With that meal, it seemed they had discovered a new system
of communication, in which Tita was the transmitter, Pedro
the receiver, and poor Gertrudis the medium, the conducting
body through which the singular sexual message was passed
This dinner was the confirmation of their passion. Through it, they penetrated each other to the farthest corners of their being, and all the while, they could not take their eyes of each other. Just their looks made their senses vibrate all through out. Moreover, Tita’s breasts are constantly described to be aroused by Pedro’s mere presence: “With this amorous look of ecstasy…Pedro had transformed Tita’s breasts from chaste to experienced flesh, without even touching them”(52).
Gertrudis is an essential factor to the romantic and sexual development of the plot. She was the daughter of an illicit father: a mulatto; a slave. This is the reason for the surprising and unlikely rhythm that she shows off while dancing at the Christmas party. No one but Tita, who discovered the secret after her mother’s death, was aware of the fact that Gertrudis’s father was of African descendant. From him , she did not only inherit rhythm, but also strong sexuality and a very fertile genetic dominance. Even though Gertrudis was pale white, had blonde hair and green eyes, and the man she went on to marry was a white Mexican also, “she gave birth to a black boy”(181). Gertrudis’s body was full of a sexual heat, just waiting to detonate. Tita’s Quail in Rose Petal served as this detonator because as soon as Gertrudis tasted it, pink sweat dropped from her cheeks and her skin burned off a cloud of pink smoke as if evaporating all the liquids within her. Her sexual potential was so uplifted by the magic of Tita’s food, that as she ran outside the pink cloud that she gave off was so vast that it reached one of the rebel soldiers fighting in the war several miles away. As soon as he tasted this smell, an unknown force came over him and he dispatched in his horse quickly galloping in the direction of this arousing aroma. Gertrudis ran to him naked, for all her clothes had burned off. Her unification with the horseman was a representation of all the fire that had been stored within her for so long that it was now released in a burst of passion. The delicacy of her face, the perfection of her pure virginal body, the lust that leapt from her eyes, along with the sexual desire that the rebel, Juan, had contained for so long while he was fighting in the mountains, made for a spectacular encounter.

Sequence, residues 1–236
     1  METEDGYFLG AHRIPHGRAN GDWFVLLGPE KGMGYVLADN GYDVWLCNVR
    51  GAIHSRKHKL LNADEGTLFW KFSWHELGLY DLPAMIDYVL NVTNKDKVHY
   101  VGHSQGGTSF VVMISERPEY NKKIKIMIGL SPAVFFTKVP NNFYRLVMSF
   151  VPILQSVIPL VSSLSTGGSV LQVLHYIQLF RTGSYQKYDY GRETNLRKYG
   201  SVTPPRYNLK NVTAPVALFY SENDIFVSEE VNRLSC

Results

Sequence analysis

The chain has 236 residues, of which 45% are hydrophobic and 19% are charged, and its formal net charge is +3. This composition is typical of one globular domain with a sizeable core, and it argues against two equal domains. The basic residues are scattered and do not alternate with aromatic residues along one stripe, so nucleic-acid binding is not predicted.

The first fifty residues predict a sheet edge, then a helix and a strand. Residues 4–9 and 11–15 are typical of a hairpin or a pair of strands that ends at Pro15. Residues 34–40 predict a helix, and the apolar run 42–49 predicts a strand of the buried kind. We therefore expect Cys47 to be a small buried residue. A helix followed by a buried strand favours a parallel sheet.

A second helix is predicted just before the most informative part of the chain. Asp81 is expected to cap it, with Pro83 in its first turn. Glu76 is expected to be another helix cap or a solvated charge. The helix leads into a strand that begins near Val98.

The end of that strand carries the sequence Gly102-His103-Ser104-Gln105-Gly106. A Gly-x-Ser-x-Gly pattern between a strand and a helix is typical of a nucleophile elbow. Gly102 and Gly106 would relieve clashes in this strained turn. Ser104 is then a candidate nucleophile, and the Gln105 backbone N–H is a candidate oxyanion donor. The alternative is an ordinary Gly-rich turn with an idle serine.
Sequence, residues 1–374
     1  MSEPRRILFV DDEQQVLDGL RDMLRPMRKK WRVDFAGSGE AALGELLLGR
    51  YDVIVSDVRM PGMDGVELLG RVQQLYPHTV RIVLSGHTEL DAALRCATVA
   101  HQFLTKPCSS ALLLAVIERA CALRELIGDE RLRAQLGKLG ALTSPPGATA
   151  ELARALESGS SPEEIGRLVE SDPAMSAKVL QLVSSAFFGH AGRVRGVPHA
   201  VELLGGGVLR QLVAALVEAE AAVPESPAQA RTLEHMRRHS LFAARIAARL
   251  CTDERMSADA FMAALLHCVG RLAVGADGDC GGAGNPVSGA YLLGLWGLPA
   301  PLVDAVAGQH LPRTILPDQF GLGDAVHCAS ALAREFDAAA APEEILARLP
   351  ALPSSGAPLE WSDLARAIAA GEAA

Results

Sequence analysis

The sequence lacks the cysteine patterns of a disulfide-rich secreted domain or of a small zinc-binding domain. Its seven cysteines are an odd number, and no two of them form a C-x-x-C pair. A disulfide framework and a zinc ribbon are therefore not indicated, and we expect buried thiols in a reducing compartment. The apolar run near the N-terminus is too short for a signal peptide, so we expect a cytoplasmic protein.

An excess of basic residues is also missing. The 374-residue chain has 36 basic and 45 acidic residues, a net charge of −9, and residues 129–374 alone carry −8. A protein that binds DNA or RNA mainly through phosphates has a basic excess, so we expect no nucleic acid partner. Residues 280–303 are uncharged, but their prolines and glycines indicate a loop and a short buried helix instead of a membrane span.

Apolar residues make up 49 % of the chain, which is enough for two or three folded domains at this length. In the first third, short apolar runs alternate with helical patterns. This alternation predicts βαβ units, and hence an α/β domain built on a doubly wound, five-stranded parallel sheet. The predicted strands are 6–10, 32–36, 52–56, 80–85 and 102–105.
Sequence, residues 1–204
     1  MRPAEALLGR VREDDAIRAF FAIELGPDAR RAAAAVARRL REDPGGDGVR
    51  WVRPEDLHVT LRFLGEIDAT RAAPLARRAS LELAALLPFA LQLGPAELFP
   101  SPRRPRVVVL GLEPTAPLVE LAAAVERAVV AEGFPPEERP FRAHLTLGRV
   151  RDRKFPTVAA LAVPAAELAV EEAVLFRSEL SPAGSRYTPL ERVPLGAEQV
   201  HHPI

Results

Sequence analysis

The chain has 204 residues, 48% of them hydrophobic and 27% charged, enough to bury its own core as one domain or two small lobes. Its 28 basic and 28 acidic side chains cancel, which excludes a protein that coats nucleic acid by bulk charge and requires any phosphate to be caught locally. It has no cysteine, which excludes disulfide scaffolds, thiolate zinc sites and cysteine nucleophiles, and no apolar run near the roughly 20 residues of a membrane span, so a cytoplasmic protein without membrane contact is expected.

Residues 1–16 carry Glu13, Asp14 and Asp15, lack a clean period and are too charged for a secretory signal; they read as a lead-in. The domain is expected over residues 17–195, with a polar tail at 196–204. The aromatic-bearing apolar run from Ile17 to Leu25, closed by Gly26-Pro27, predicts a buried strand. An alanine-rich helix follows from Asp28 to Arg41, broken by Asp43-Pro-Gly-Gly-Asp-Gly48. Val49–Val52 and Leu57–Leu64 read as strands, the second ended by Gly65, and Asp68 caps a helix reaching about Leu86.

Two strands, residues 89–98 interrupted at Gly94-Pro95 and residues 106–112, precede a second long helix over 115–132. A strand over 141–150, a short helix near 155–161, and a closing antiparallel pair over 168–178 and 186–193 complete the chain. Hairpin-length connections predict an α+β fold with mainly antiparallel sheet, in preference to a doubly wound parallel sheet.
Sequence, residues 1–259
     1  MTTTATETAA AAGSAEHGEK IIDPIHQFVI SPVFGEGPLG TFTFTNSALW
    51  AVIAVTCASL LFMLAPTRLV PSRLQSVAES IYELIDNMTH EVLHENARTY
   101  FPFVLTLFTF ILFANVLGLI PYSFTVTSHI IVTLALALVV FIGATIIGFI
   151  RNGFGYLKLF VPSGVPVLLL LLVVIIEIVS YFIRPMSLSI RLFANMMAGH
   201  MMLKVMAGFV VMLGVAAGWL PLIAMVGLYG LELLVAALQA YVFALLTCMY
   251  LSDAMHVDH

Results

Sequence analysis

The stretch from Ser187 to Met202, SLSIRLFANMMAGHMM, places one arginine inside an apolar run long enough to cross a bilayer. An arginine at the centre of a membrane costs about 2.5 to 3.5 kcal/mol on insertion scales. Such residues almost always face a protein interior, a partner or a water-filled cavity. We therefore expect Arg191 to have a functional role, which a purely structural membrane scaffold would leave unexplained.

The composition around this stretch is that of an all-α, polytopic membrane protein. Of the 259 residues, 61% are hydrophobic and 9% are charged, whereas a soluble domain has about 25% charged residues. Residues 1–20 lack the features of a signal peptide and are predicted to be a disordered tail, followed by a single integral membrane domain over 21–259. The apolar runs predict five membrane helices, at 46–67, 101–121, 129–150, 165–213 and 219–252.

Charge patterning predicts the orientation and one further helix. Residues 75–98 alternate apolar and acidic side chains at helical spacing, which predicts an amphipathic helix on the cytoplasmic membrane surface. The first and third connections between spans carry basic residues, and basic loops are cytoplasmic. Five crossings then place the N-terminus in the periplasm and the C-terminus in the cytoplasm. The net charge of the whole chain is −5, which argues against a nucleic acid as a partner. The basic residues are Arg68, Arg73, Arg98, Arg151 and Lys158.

In this novel, sex is portrayed as the ultimate act of love. It is held high in the alter of male and female commitment. It is through this action that the most intense and profound communication can occur between two people. It is only through this preeminent act that Tita and Pedro at last confirmed and surpassed their love from mortality to eternity. An analogy is made by Dr. John when treating Tita, that all humans are born with a certain amount of passion or a certain amount of matches in a matchbox. To achieve happiness one must light up their matches one by one, little by little, until they have reached the totality of their potential bliss. However, these matches cannot be lit alone. They need a significant other, an oxygen that could keep their fire burning. If these matches are left alone throughout life, they will moisten and lose all feasibility to be lit. If this happens and at some point such a great passion is ignited that causes all the matches to light up all at once, then an uncontrollable fire will consume the soul, leaving it with no air to breathe, causing its earthly collapse and taking the soul to a luminous tunnel where an eternal life of love should take place. This is precisely what occurred to Pedro when he and Tita had sexual intercourse for the very first time. The ecstasy that he felt during climax was so powerful that he died and entered this luminous tunnel. Without him, Tita knew that she would never be able to light her candles again, thus, literally taking matches, eating them, and creating a fire of her own within her. She was successful in that she saw the bright tunnel and Pedro within it. They wrapped each other in a long embrace, again experiencing an amorous climax, and left together for the lost Eden. Never again would they be apart. They achieved their purpose in life: to find the soul mate with whom to integrate and run away with them to an infinite realm comprised of pure love. The magic produced in Tita and Pedro’s consummation was one that created such a fire that it burned down the entire barn. All this passionate fire was held within them for a very long time and when at last it broke loose, it was inextinguishable.
Love places itself as the most primary yet unexplainable element in the life of Tita. Love made her feel loneliness, desperation, and anxiety. It induced her with a new way of transmitting herself: through food. Love made her suffer from bounded traditions yet it also made her triumphant after opposing cultural forces and renewing them. It made her manifest supernatural events that hold no explication, yet flourished powerfully and erotically. Love gave her a hope, a reason to cry, a reason to live, a reason to be complete. Of greatest significance, it gave her passion in bondage and in death, all created from a firestorm of desire too long held within.